A postponed attack, lax reconnaissance, battle fatigue, and lack of coordination among the commanders, all led to defeat for Grant at Cold Harbor. Grant's decision to postpone the attack on June 2 when Hancock’s troops failed to arrive gave the Confederates time to entrench and strengthen their defenses. And although Grant had directed the Union corps commanders to examine the ground and perfect their plans, they had done neither. They failed to disclose important swamps and other terrain features, and the separate corps did not coordinate with one another. The men were exhausted from the arduous campaign and their ranks were diminished. There was friction between Maj. Gen. Meade and General-in-Chief Grant and the responsibility of who would command the attack was unclear. Grant apparently expected Meade to supervise the assaults, but Meade hung back. The army had no leader. Only the Second Corps and parts of the Eighteenth and Ninth Corps—perhaps twenty thousand Federal troops—were actively engaged.
Grant’s decision to attack on June 3 was an unmitigated disaster. The Federals met with heavy fire and suffered significant casualties. They were only able to reach the Confederate trenches in a few places. A Confederate later described Cold Harbor as "perhaps the easiest victory ever granted to the Confederate arms by the folly of the Federal commanders." One of Meade’s aides described the sad aftermath of the Union failure, during which the opposing armies slept “almost within a stone’s throw of one another,” with “the separating space ploughed by cannon shot, and dotted with dead bodies that neither side dared bury."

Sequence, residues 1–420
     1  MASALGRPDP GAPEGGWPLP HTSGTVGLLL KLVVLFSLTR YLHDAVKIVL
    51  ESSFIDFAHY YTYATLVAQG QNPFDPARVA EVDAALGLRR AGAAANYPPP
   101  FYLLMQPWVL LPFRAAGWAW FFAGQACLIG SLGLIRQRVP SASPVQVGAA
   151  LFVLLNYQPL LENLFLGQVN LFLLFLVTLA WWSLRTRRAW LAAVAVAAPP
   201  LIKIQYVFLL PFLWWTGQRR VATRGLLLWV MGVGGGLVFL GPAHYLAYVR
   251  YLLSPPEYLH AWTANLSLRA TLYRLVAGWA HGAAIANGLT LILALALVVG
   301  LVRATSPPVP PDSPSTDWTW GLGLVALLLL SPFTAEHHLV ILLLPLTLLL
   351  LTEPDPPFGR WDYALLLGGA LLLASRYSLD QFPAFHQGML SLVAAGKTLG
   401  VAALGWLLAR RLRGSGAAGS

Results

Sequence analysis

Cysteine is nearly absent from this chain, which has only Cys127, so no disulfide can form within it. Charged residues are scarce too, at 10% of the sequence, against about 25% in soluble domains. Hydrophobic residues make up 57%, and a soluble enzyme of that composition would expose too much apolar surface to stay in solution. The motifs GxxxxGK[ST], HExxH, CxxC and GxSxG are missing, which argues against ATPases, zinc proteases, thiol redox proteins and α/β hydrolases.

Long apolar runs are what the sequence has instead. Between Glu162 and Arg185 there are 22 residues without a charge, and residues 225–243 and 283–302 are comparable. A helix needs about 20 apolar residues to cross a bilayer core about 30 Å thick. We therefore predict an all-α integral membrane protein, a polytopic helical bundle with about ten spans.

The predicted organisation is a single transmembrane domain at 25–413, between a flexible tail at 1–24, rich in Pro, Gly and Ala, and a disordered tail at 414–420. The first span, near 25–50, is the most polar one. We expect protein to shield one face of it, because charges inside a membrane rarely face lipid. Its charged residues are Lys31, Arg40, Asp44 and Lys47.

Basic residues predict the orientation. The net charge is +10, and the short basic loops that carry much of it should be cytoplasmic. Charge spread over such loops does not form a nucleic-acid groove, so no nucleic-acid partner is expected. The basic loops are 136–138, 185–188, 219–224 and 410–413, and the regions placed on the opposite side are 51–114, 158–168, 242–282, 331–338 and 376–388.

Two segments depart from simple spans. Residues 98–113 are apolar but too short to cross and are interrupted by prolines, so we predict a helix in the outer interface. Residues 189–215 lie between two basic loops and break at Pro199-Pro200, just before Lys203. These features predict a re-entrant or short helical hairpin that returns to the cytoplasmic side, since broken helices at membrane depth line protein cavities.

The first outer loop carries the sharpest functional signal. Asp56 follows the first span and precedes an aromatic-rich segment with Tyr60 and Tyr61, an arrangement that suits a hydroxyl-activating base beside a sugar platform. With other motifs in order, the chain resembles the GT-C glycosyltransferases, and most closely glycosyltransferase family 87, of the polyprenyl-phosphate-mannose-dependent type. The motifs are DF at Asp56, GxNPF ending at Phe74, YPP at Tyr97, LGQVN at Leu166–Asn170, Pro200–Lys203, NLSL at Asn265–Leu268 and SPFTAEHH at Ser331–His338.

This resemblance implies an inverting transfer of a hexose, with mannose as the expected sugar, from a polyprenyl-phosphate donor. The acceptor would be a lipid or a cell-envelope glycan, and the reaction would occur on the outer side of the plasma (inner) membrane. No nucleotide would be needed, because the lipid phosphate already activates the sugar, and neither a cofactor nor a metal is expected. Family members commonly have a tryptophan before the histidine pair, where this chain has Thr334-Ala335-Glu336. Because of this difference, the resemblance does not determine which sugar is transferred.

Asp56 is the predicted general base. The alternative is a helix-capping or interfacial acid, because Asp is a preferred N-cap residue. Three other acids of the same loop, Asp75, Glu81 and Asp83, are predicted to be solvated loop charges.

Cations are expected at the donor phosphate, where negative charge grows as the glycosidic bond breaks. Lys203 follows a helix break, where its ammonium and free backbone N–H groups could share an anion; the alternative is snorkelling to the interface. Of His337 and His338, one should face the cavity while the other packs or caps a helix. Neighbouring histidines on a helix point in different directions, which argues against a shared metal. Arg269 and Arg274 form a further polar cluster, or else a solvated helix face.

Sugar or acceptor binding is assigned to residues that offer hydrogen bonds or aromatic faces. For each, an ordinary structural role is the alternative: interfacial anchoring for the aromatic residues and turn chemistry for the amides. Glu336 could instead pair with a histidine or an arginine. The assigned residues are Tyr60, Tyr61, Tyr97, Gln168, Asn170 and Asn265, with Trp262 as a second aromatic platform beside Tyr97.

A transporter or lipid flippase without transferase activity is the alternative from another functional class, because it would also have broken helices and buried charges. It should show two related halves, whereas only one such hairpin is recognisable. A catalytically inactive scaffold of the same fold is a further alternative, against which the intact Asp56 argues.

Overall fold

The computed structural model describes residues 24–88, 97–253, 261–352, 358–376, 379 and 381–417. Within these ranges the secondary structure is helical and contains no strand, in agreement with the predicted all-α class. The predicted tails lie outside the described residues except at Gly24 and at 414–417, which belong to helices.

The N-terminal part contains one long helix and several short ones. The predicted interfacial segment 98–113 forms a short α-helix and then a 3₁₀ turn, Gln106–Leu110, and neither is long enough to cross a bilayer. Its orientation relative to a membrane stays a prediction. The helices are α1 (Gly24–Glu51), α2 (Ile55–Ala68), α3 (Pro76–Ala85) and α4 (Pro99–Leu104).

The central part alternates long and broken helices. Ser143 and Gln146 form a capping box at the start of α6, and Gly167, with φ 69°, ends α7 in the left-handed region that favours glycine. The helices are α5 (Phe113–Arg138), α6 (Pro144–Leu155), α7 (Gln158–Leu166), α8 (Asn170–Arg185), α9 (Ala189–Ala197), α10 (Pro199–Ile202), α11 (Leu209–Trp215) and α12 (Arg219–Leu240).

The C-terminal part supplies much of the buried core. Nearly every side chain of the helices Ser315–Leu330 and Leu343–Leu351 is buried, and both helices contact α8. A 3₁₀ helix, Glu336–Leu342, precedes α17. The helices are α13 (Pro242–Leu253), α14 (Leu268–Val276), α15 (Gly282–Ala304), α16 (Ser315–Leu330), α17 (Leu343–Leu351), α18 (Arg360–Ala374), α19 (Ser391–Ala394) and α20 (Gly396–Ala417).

The Federals turned the two-story home of Margaret and Miles Garthwright into a field hospital to take in casualties during the battle of Cold Harbor. It was the second time the Garthwrights found their property requisitioned, the first being during the Battle of Gaines’ Mill in 1862. Miles Garthright was a Confederate soldier whose cavalry unit saw action around Cold Harbor early in the battle.